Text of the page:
Steve Burgess’ desire to be a doctor was fueled by a personal, life-changing experience. Burgess, 23, was born with a port wine birthmark on the left side of his face. He was often teased in elementary school. “An amazing physician made such a difference in my life,” said Burgess who at age 12 began laser treatments with Dr. Harvey Lui, a Vancouver dermatologist.
Burgess had some 22 laser treatments spanning six years—unprecedented at the time. The painful therapy successfully removed almost all signs of the purple discoloration. It also led to an enduring desire to become a dermatologist.
Like Tousignant, however, Burgess didn’t follow a direct path to his calling. He did his undergraduate degree in biology at UVic, specializing in genetics and cell biology. In his final year and after graduation he conducted research in the genetics of the fungus that causes Dutch Elm disease.
Even with that impressive record, Burgess didn’t get into medical school the first year he applied, missing an interview by only half a point. “I had many of the skills and experiences they were looking for but I didn’t know that I should detail them in he application, for example, telling them that I donate blood regularly. That in itself was worth a point.”
Harris had a similar experience. He, too, took two tries to get into medical school, despite having most of the qualities they were looking for the first time. “Writing a good application is a skill in itself,” he says, as Burgess nods in agreement.
Having so many skills, interests and aptitudes requires exceptional multi-tasking and time-management skills—exactly the skills needed in a highly demanding medical program. Most days start at 8 a.m. and the students are on the go often until late at night. Time is spent each week in videoconference lectures with colleagues at the other two sites, in small group learning sessions, and labs. They work one fternoon in the offices of local family doctors in Victoria and one afternoon at Royal Jubilee Hospital learning basic clinical skills, such as taking blood pressure and giving an injection.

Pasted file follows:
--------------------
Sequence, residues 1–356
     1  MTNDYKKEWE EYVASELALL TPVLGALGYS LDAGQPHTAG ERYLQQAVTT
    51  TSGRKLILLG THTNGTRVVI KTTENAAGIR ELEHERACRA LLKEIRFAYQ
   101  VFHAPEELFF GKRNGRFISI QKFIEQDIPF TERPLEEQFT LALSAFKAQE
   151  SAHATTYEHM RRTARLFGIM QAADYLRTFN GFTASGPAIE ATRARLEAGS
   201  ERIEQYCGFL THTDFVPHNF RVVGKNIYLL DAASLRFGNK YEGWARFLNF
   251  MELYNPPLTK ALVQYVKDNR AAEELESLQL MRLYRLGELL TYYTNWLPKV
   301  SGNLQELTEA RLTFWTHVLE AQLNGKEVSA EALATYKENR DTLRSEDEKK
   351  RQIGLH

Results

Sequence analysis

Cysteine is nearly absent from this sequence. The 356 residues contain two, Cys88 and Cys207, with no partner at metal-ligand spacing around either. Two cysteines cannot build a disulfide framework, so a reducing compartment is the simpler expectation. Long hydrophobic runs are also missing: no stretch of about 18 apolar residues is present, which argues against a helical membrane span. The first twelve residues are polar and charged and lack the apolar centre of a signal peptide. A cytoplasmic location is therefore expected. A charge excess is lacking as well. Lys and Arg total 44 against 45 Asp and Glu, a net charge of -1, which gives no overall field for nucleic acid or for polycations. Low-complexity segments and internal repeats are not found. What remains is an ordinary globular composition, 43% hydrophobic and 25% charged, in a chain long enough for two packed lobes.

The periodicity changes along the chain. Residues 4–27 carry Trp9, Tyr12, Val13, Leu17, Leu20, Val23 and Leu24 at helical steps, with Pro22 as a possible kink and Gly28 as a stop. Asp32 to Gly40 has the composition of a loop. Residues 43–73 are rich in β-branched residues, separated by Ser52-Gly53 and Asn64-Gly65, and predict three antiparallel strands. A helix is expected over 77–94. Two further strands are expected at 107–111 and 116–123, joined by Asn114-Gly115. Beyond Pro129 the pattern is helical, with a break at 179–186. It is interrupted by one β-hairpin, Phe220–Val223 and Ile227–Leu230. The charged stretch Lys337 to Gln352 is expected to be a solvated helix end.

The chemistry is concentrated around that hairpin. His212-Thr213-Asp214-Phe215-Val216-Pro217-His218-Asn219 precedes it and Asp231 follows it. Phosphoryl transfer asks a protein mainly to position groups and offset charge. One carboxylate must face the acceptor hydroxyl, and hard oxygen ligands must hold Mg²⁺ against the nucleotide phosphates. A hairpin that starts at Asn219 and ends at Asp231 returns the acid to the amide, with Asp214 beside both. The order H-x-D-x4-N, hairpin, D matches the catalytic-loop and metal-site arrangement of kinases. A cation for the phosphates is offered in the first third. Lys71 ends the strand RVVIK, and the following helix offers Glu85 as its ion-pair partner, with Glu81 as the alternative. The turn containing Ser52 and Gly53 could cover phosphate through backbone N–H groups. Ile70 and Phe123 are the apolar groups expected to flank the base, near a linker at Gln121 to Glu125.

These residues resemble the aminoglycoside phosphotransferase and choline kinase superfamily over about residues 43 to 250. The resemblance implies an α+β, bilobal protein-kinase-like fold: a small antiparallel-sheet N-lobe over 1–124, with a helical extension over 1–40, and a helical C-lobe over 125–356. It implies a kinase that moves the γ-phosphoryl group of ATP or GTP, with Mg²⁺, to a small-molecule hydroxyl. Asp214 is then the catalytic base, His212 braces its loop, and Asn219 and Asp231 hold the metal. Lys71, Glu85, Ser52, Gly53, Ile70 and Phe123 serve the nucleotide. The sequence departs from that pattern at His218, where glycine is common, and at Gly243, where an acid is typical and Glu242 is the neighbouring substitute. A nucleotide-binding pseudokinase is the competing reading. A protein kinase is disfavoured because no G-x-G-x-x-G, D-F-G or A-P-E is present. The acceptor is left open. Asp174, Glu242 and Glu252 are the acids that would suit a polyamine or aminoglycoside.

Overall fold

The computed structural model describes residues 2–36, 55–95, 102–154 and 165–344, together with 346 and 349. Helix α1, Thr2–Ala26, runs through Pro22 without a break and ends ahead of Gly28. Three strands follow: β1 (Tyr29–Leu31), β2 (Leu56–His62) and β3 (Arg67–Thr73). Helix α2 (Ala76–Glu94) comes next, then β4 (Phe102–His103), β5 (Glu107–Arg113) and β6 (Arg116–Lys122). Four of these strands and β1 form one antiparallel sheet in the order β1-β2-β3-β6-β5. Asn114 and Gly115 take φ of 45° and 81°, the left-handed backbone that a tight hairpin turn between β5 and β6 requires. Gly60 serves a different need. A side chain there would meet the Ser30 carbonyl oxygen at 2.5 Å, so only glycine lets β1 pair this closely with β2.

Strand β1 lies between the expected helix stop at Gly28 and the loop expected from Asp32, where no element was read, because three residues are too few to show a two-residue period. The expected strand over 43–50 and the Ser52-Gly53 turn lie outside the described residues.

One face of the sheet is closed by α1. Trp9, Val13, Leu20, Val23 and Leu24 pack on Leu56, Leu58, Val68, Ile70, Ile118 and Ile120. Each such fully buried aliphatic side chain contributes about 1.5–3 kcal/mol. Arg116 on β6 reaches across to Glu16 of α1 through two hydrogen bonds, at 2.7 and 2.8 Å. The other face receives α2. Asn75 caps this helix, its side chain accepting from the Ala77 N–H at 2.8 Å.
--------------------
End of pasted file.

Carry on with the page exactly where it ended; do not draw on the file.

The next four years will challenge all of their exceptional abilities—requiring them to absorb vast medical knowledge that is rapidly evolving. They will be working in smaller and isolated communities throughout Vancouver Island to get a taste of medicine away from a big urban centre. They will have clinical clerkship rotations through the specialties of anesthesia, dermatology, emergency medicine, internal medicine, obstetrics and gynecology, orthopaedics, ophthalmology, pediatrics, psychiatry and surgery. Through it all, they will acquire the hands-on skills and knowledge to join the ranks of today’s medical healers.
“It is a really demanding program, but it is also really fascinating,” says Averil Russell, 24. Unlike the other four UVic grads, she didn’t get a science degree, opting for anthropology instead. It’s a route she feels has prepared her just as well. “Anthropology is all about the study of people, their physical characteristics, their societies and relationships. I think it is a great primer for medicine, because medicine is all about people too, particularly the situations or societal disparities that cause disease.” Russell did her honours research project on HIV infection in South Africa, gaining knowledge about AIDS that she’s already putting to use this year.
One of the key features of UBC’s medical education is called Problem-Based Learning (PBL). It’s a narrative, group approach to assimilating the knowledge to recognize and treat a huge array of diseases. Each Monday morning, students are provided with the symptoms and medical history of a patient. Over the week and working in teams, the students unravel the mystery behind the illness—learning the differential diagnosis, the way to administer and evaluate medical tests, and the types of therapies available. It’s like the real world of medicine where teams of health professionals deliver care for patients.
For the observer, what is most remarkable about this first group of students in the Island Medical Program is their congenial and co-operative nature. Any trace of the fierce application process is gone. The atmosphere is decidedly collegial. Patrizia Moccia, the newlywed, recalls the very first days of classes when her professors specifically made the point that while it was tough to get into medical school, now they were all colleagues. “The only thing that matters now is that, at the end of our training, we all emerge as good doctors.”
Anne Mullens is a Victoria-based writer specializing in health issues.
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